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Several recent court rulings aptly demonstrate how the right of publicity continues to be a vital cutting-edge area of celebrity law. Two of these decisions involved the interplay of state right of publicity laws with federal statutes. The other ruling found a Nevada court looking to California to determine at what litigation stage an affirmative transformative use defense may be raised, then whether the “Duke Caboom” character from the animated movie Toy Story 4 violated the descendible right of publicity of celebrated motorcycle risk-taker Evel Knievel.
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By Stan Soocher
Composers of pre-1978 works often assigned both the initial and renewal copyright terms in their works when signing songwriter agreements with music publishers. But what happens when a grant of the copyright renewal term of a pre-1978 work has been made post-1977?
By Bruce Love
With a significant amount of NFT activity arising from the entertainment and sports industries comes an inevitable need for legal services. But taking advantage of this economic growth is no simple matter for entertainment, media and sports lawyers. It requires an understanding not just of NFT transactions, but also of data security, intellectual property, public policy, and a whole raft of regulatory and compliance issues.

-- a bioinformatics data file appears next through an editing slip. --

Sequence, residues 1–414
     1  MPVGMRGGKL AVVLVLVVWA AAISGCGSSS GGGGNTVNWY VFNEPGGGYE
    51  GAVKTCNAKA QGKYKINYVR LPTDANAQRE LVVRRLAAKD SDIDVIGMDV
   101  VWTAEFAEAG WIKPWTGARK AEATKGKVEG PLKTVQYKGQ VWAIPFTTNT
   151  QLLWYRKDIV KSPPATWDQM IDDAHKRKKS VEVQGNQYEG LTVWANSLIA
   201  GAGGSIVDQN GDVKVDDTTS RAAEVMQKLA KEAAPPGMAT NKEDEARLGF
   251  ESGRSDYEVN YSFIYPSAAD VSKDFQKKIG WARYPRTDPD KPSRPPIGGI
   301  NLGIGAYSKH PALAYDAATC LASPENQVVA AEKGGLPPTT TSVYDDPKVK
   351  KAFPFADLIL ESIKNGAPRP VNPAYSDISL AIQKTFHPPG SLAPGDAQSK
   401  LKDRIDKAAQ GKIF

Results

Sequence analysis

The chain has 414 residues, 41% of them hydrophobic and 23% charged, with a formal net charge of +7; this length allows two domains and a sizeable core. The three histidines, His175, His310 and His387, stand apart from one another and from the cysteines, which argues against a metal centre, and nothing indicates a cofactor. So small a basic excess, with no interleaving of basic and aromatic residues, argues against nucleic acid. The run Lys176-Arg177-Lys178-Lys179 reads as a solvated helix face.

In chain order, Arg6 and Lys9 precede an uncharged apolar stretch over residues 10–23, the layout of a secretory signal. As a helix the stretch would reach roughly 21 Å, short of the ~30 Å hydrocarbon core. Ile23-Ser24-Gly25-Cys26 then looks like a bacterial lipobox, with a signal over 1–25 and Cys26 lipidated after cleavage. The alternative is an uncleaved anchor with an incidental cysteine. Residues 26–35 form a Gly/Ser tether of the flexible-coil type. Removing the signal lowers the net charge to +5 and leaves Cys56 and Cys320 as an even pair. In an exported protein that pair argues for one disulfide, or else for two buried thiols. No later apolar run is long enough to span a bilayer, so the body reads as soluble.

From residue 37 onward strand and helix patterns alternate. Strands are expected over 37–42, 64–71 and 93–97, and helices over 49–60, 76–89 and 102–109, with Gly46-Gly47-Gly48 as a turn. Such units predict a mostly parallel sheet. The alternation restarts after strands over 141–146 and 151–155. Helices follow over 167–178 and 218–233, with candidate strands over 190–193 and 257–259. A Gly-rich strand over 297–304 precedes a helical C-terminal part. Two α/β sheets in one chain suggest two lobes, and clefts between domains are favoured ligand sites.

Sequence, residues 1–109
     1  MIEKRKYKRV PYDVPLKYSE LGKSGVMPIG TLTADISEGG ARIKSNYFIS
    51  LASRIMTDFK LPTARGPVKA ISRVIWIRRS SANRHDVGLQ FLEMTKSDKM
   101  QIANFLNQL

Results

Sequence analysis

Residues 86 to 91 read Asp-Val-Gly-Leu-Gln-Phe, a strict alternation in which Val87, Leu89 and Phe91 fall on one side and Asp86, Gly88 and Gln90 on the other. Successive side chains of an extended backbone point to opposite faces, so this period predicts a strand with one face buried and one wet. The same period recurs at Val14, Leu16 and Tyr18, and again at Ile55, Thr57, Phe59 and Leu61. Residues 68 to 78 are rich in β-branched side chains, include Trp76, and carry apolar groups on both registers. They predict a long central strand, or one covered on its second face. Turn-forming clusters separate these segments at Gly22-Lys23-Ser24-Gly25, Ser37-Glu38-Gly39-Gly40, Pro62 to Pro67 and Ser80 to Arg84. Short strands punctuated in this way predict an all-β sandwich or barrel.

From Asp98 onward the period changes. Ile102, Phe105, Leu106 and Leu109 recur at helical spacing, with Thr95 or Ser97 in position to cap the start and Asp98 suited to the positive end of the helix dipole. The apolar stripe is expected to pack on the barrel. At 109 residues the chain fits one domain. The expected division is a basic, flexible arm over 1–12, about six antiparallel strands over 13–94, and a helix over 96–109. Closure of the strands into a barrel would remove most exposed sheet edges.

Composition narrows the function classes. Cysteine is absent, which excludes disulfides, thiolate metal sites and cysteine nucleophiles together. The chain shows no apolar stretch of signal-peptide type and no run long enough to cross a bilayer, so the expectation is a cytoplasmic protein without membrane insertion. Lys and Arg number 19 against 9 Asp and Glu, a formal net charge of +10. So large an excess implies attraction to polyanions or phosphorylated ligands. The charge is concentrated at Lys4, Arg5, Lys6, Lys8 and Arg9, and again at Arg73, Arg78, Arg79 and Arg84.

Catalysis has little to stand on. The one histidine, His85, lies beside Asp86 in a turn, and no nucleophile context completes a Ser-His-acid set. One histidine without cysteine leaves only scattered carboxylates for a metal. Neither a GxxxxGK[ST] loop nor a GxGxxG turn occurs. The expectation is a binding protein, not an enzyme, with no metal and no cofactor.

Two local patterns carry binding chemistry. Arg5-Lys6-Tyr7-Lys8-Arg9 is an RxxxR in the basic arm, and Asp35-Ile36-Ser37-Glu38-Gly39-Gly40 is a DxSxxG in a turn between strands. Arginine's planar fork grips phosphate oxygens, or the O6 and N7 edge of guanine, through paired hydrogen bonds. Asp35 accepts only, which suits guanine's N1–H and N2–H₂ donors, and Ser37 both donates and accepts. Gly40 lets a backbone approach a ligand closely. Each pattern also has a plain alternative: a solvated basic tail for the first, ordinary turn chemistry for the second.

By Ben Thompson and Robert Moorman
There are frequent battles over trademark rights in the entertainment industry. Trademark publication can be an anxious part of the federal application process, with fear of aggressive opposition and costly proceedings looming in the background. But many trademark oppositions, whether they are only threatened or actually filed, afford the applicant a discussion with an opposer that can ultimately be helpful in nonobvious ways.
By ELF Staff
Notable court filings in entertainment law.